The current body of research on the protein requirements for athletes shows us that the sweet spot for muscle growth is around 1.2 grams per lb of body weight. Going slightly higher (up to 1.5g) might have additional benefits pertaining to appetite suppression, but won’t lead to more muscle growth. This equates to about 222 grams of protein for a person weighting 185lbs. (5, 6, 7, 8, 9, 10)

Read more about protein and muscle growth.


diet tips to build muscle

4. Eat Protein Frequently

Okay, I’ve got a confession to make.

A lot of readers will be expecting me to recommend eating more frequently because it’ll speed up your metabolism and help you to burn more fat, but that’s not the case. Depite being a popular belief which can still be heard on most gym floors, it’s actually a myth!

Research shows us that the number of meals you eat per day has zero effect on metabolic rate or fat loss. However, there are some benefits to spreading your intake of one particular nutrient throughout the day – protein. It appears that doing this allows for a slightly better uptake of amino acids versus consuming the same amount of protein in one huge serving. (11, 12, 13, 14)

If you’ve been using my diet plans you might’ve wondered why I always get you to eat three main meals, interspersed with whey protein shakes as snacks. This is why.

Learn more about protein timing and muscle growth.


are protein blends better

5. Use A High Quality Whey Protein Blend

Seeing as we’ve been talking a lot about protein, let’s stick with that.

Companies automatically point you towards their most expensive products, so when you enquire about something like whey protein you should expect they’ll wax lyrical about things like whey protein isolate and whey protein hydrosylate, promising greater muscle growth in exchange for a heavily inflated price tag.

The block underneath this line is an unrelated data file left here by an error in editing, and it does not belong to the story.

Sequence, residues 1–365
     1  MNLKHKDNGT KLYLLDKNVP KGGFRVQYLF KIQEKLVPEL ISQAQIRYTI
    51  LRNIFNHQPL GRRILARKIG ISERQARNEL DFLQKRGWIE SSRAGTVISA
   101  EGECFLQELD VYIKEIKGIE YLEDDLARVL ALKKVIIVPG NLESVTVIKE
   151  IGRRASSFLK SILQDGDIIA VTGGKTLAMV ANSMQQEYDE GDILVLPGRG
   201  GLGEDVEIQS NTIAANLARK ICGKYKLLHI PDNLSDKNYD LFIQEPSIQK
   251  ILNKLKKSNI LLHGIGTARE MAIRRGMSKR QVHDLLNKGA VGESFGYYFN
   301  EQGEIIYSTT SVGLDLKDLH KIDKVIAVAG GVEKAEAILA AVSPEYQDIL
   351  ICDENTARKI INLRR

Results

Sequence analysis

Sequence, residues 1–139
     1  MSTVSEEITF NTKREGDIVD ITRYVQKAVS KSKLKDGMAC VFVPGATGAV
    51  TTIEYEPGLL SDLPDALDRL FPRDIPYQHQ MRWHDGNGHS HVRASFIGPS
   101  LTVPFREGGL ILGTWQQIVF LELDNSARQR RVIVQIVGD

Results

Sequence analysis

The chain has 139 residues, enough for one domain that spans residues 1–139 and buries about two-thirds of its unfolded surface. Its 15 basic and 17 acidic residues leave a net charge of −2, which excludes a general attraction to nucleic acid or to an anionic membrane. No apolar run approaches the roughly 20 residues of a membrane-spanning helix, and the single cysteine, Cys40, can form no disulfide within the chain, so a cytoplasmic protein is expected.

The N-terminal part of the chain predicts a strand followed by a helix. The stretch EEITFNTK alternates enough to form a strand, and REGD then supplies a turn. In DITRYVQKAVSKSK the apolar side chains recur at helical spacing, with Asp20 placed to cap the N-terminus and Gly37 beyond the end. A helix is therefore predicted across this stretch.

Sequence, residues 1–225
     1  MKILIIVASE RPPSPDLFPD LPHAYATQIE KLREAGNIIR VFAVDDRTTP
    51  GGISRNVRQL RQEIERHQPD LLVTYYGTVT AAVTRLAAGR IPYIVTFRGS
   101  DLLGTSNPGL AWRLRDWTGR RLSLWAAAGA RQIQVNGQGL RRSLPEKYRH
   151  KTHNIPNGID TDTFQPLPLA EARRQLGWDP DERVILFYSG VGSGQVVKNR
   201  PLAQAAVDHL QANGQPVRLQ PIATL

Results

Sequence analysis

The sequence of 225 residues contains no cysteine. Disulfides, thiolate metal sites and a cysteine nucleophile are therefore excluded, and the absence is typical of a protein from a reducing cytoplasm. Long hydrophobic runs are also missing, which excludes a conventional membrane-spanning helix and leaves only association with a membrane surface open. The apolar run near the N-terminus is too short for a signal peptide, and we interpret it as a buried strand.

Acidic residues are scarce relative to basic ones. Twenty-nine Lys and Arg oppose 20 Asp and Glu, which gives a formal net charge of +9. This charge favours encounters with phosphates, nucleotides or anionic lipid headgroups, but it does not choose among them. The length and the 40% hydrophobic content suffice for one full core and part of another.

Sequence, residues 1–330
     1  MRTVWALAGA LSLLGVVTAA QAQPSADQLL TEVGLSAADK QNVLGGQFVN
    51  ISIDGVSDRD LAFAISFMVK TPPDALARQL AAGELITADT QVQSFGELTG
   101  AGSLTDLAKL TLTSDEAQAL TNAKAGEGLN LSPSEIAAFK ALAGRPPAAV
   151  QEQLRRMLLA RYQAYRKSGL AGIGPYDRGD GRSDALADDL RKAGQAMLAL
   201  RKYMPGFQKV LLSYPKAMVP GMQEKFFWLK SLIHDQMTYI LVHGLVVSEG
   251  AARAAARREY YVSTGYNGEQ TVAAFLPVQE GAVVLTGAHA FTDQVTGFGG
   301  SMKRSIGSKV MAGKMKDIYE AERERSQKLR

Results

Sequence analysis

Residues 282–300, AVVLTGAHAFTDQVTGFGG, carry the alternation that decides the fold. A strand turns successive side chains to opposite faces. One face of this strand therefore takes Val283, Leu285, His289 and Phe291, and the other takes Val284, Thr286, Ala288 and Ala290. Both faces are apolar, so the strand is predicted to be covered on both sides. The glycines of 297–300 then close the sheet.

Don’t fall for it.

Believe it or not, research shows that you’ll achieve superior muscle growth with a protein blend versus expensive isolate formulas – despite them being considerably cheaper to buy! A 2009 study from researchers at the University of Texas found that a combination of whey protein, soy protein and egg protein returned the best results. This makes sense, as different protein sources provide the body with a broader range of amino acids, as well as different digestion speeds, versus whey alone. (15)

Of course, you don’t just want any old blend, you need a high quality one! In order to do that we must look at the protein-per-serving ratio. Example; if the serving size is 40 grams and it contains 30 grams of protein it has 75% protein-per-serving.

You want at least 75% PPS as a baseline target. This ensures your product has minimal filler, and cements its status as a premium grade whey protein supplement.

I recommend this one or this one. The only time you really need to look at isolate formulas is if you simply prefer the taste or if you experience digestion problems with whey protein, in which case I recommend this one.


best diet for building muscle fast

6. Do Not Avoid Fat

Fat got a bad rap in the 1980s, when it was believed to be the #1 cause of obesity.

Even though science has since shown this not to be the case, most people are still a little bit confused by it.

So let’s get this straight – fat (the nutrient) and fat (body fat) are not the same thing. In fact, eating dietary fat (like Omega 3s) can actually help you burn body fat! It also plays a key role in the muscle building process, because eating sufficient fat helps the body to regulate many of the hormones involved in hypertrophy, such testosterone and cortisol.

Research shows that we must consume a minimum of 0.3 grams per lb of body weight to unlock these results. I like to go slightly higher, giving you a buffer, by setting it to 0.4g per lb. If you’re trying to gain size and you struggle to eat enough food you can also use fat to bump your calories, as there are nine calories per gram. For instance, adding a couple of scoops of MCT powder to your protein shake increases the numbers by 150 calories and it’s all good stuff! (10, 16, 17)